The car you drive, for most people, is a very personal and important part of our identity.

Chances are you chose your car, researching the reliability factor, checking on safety standards and of course selecting the color, make and style you wanted.

I grew up a Ford guy and have always loved Mustangs and F-100 trucks and the sleek Thunderbirds.

But that's me, and I have very good friends who hate Fords and swear by Chevys, Dodges or various foreign brands (my brother just loves the Subarus he's owned over the years).

So it's a risky proposition to call out any car brand based on safety issues.

But sometimes the facts jump out at you.

While technology and design advancements have led to safety improvements in all brands of vehicles in recent years, one brand has lagged behind when it comes to the safety of its occupants.

A study conducted by Glass Doctor to determine the most and least safe vehicle brands in each state found that Dodge consistently performed the worst, according to researchers from the National Highway Traffic Safety Administration data on fatal crashes over the course of the last 10 years.

Dodge had 4.03 deaths per 1,000 car crashes in that 2011-2020 decade, far outreaching any other car brand. The other biggies in the United states, Ford (2.12) and Chevrolet (2.39), were much safer.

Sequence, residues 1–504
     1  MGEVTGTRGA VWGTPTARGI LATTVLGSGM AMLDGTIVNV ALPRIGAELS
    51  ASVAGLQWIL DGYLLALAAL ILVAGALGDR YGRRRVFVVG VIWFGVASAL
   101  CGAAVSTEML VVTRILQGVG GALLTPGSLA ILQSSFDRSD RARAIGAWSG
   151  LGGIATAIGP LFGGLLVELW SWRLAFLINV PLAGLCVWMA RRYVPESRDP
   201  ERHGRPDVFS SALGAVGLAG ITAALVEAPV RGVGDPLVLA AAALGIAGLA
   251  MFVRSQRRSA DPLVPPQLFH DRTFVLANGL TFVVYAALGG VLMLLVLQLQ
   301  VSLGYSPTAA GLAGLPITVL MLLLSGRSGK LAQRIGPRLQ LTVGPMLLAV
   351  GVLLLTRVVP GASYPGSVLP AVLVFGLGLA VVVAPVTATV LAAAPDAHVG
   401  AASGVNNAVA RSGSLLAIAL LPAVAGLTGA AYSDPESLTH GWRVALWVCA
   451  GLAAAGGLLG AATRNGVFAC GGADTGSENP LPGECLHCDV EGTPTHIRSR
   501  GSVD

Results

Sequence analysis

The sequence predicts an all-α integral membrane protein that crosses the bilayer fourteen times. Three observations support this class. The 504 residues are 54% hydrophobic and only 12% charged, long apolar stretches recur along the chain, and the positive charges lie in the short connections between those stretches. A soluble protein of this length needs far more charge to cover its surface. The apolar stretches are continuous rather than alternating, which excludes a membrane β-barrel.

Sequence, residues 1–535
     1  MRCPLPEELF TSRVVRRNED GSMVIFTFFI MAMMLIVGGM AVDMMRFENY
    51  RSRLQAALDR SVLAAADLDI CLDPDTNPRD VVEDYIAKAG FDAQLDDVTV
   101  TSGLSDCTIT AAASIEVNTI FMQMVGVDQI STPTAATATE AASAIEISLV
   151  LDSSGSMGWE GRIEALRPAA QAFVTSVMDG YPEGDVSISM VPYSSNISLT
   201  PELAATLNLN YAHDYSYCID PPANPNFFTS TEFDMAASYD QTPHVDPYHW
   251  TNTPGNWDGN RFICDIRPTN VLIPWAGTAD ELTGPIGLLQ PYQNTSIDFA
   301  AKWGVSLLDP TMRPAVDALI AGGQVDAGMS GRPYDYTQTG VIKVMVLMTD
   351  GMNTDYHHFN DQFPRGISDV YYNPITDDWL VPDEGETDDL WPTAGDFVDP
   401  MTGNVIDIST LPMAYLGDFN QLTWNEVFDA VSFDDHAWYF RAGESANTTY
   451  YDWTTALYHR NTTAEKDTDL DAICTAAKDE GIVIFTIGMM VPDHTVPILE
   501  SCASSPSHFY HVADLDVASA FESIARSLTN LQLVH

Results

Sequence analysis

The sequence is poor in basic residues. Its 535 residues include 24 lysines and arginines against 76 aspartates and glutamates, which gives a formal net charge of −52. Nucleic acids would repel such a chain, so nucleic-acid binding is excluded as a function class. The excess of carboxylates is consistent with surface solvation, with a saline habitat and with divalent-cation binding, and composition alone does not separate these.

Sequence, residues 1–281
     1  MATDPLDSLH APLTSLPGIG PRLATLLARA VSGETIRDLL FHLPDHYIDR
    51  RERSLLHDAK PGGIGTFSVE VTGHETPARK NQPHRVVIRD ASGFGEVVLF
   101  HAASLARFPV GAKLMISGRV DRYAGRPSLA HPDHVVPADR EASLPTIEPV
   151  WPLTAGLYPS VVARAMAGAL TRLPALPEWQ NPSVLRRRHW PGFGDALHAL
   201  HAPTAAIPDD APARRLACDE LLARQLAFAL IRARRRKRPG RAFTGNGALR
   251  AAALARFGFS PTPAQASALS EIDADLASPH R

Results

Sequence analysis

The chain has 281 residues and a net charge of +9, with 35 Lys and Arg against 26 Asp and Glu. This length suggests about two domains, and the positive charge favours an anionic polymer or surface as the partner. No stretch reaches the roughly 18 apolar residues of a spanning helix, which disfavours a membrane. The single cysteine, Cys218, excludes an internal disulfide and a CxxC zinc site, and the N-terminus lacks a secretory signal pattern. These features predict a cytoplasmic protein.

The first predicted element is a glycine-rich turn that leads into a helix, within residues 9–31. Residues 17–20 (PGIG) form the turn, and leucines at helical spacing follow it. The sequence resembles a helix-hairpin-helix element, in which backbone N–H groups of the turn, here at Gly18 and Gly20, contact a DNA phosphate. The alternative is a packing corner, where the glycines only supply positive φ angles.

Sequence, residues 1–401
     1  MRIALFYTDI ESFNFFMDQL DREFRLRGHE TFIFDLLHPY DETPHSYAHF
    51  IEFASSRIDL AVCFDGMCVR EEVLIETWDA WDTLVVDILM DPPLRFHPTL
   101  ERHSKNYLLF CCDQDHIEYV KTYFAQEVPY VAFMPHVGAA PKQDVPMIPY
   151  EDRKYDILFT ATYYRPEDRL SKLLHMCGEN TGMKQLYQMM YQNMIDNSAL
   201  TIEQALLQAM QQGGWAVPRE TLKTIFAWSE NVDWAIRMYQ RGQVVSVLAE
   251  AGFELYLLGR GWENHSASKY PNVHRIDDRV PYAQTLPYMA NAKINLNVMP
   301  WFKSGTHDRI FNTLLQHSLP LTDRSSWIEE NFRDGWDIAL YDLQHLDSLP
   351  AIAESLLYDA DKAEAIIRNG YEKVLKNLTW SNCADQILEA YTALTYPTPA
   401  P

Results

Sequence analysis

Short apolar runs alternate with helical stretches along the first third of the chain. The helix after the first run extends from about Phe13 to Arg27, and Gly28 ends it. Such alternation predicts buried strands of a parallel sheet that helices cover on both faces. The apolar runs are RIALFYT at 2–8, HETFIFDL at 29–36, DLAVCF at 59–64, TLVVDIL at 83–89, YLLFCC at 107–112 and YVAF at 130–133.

Dodge was also the worst in Utah, with 31 other states also having Dodge vehicles be the biggest killer.

Mitsubishi and Buick were rated the second- and third-deadliest cars in the Beehive State. Not coincidentally, those three -- Dodge, Mitsubishi and Buick -- were the bottom three brands nationally as well.

OK, so what about the safest vehicles?

According to the data:

Audi is the top safest car brand, with only 0.54 fatal crashes per 1,000 drivers over the decade. This title is well-earned, as Audi has made significant investments in safety technology research and development, including developing new safety systems that use sensors and cameras to detect and prevent accidents.

Subaru and Mercedes-Benz also ranked highly, with 0.55 and 0.75 fatal crashes per 1,000 drivers.

Obviously, there are so many other factors that must be accounted for (maybe Dodge owners drive faster?), but if you were in a crash, would you rather be in a Dodge (where more than four people die per every 1,000 crashes) or an Audi (0.54)?



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